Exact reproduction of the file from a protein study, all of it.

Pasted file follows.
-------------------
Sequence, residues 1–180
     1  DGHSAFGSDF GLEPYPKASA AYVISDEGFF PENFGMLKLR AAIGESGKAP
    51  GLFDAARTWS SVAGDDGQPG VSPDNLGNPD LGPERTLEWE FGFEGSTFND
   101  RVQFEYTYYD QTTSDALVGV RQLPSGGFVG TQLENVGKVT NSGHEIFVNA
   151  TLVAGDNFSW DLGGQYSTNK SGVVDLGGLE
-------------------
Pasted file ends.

Sequence, residues 1–180
     1  DGHSAFGSDF GLEPYPKASA AYVISDEGFF PENFGMLKLR AAIGESGKAP
    51  GLFDAARTWS SVAGDDGQPG VSPDNLGNPD LGPERTLEWE FGFEGSTFND
   101  RVQFEYTYYD QTTSDALVGV RQLPSGGFVG TQLENVGKVT NSGHEIFVNA
   151  TLVAGDNFSW DLGGQYSTNK SGVVDLGGLE